Afghan allies need immediate evacuation to avoid danger, lawmakers warn

Afghan allies need immediate evacuation to avoid danger, lawmakers warn


A bipartisan group of lawmakers is urging the White House to begin transporting Afghan allies “immediately” to a safe zone such as Guam ahead of the full withdrawal of U.S. forces from the war-torn country later this year.

“No U.S. entity — to include the Department of Defense, Department of State, USAID, et al. — has the ability or authority to protect them in Afghanistan after our withdrawal,” the group of lawmakers wrote in a letter to President Joe Biden on Friday.

“It would be a moral failure to transfer the responsibility to protect our Afghan partners onto the shoulders of the Afghan Government. The time is now to honor our promise.”

The group of 22 lawmakers includes several veterans who served overseas alongside foreign interpreters and security volunteers. It also includes Guam’s representative in Congress, Michael San Nicolas, whose island has been discussed as a possible transitioning point for thousands of evacuees who may eventually be admitted to the mainland United States.

Lawmakers noted that the island has been such a transition zone before; in 1975, about 130,000 Vietnamese refugees were evacuated there when U.S. military forces left that country. The group asked administration officials to establish a task force to handle visa management, vaccination efforts and other logistical issues related to such a move.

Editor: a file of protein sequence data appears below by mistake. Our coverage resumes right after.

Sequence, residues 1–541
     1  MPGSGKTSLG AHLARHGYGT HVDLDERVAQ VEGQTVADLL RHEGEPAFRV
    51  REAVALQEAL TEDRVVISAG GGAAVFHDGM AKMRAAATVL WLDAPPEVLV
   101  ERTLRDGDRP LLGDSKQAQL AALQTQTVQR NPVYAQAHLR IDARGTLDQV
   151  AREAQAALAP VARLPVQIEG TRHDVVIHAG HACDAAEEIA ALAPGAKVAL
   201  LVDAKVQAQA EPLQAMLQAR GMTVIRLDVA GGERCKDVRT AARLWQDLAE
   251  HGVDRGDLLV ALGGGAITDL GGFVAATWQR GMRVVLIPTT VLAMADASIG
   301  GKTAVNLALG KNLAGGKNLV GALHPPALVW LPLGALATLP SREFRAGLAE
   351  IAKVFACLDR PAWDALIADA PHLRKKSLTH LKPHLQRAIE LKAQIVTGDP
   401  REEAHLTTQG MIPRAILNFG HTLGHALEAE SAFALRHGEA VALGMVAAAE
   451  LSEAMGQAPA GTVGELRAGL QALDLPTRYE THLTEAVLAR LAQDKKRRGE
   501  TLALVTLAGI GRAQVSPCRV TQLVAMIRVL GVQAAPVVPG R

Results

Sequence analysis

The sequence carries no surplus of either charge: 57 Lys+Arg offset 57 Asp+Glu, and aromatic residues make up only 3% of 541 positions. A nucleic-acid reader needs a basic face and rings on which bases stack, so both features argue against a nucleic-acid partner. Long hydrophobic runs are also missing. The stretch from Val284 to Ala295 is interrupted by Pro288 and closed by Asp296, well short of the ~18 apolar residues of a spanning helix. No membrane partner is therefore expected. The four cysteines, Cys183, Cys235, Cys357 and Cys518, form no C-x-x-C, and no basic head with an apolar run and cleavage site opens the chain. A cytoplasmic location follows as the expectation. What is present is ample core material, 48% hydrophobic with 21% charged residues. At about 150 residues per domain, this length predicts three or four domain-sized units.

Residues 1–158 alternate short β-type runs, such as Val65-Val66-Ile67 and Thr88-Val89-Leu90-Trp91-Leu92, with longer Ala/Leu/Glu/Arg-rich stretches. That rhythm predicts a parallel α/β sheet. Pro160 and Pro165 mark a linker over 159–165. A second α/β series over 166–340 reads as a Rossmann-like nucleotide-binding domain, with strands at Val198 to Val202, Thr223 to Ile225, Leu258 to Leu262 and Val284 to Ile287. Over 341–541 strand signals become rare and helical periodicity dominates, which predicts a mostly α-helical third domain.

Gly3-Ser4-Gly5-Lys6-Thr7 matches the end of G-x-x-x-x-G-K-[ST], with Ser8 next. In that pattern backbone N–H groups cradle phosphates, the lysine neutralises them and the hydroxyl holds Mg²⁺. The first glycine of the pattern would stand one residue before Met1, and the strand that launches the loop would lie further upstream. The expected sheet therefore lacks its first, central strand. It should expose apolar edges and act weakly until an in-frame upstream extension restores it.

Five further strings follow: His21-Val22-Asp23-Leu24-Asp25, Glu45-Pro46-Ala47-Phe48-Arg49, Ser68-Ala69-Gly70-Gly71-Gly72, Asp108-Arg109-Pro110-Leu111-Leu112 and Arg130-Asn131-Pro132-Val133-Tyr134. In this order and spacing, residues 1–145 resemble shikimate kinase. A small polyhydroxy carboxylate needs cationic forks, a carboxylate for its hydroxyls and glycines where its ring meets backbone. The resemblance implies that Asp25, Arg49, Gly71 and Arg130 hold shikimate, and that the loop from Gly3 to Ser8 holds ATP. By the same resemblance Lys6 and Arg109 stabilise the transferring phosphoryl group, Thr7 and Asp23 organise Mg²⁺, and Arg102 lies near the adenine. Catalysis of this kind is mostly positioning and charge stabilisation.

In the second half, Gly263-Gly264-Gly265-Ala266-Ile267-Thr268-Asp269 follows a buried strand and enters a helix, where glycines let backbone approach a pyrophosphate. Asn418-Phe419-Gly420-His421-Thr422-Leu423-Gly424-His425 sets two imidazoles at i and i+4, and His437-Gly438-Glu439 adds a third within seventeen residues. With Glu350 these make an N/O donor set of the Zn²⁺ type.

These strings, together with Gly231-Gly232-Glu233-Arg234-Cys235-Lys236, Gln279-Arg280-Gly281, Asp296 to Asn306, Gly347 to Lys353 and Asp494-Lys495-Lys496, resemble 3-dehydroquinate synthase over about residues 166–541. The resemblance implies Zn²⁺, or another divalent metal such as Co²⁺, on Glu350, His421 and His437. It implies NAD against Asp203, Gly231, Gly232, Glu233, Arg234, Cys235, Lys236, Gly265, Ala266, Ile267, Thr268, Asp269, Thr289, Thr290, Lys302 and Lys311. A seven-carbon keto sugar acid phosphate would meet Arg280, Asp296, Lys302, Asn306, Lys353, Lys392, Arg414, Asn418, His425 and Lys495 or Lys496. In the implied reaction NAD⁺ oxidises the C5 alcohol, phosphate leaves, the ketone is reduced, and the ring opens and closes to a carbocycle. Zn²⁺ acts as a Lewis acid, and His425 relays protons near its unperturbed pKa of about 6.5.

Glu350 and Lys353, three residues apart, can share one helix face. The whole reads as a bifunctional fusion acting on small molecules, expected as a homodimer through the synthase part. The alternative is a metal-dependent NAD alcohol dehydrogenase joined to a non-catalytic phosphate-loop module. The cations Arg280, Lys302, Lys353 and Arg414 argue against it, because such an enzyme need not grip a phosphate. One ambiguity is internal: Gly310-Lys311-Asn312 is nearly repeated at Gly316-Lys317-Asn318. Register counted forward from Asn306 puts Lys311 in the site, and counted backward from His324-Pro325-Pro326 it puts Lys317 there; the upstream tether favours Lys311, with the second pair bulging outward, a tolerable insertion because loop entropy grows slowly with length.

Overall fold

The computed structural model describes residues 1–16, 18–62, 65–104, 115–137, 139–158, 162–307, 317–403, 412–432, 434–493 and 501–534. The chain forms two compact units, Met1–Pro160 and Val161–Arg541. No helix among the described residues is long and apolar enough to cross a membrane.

“If we fail to protect our allies in Afghanistan, it will have a lasting impact on our future partnerships and global reputation, which will then be a great detriment to our troops and the future of our national security,” the letter states.

White House officials have repeatedly promised to address the issue of the thousands of Afghan allies caught in the Special Immigrant Visas program, which can take more than three years to navigate.

Federal officials said 18,000 individuals are awaiting entry into the United States through the program, not including their spouses and children.

On Thursday, State Department spokesman Ned Price said officials are looking for ways to speed up that program, but also that diplomatic staff and facilities will remain in the country past the Sept. 11 military withdrawal date to help deal with those issues.

“Our embassy will remain, we will be able to continue processing,” he said. “And we will do that as quickly and efficiently as we can, knowing, again, the special responsibility that we have to these brave Afghans.”

Gen. Mark A. Milley speaks at a change-of-command ceremony for the U.S. Indo-Pacific Command on April 30, 2021, at Joint Base Pearl Harbor-Hickam, Hawaii. (Cindy Ellen Russell/Honolulu Star-Advertiser via AP)

But lawmakers noted that once U.S. military forces are gone, Taliban forces and sympathizers will see the unprotected allies as easy targets.

Earlier this week, Italian officials announced plans to airlift about 500 allies and their family members out of Afghanistan in coming weeks, ahead of the concurrent withdrawal of NATO forces. In a statement Monday, Britain’s defense secretary announced similar measures.

U.S. Defense Department officials have deferred most questions on the topic to the State Department, which handles the SIV program. On Wednesday, spokesman John Kirby said that the agencies are working together to find solutions to the problem.

“The president has been clear: We have a moral obligation to these people,” he said. “He wants to take a fresh look at the SIV program to see how and to what degree it could be expanded and/or accelerated.”

He also acknowledged that military leaders “have put some planning resources” into the possibility of a mass evacuation of Afghan allies, but would not provide further details.





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About the Author

Anthony Barnett
Anthony is the author of the Science & Technology section of ANH.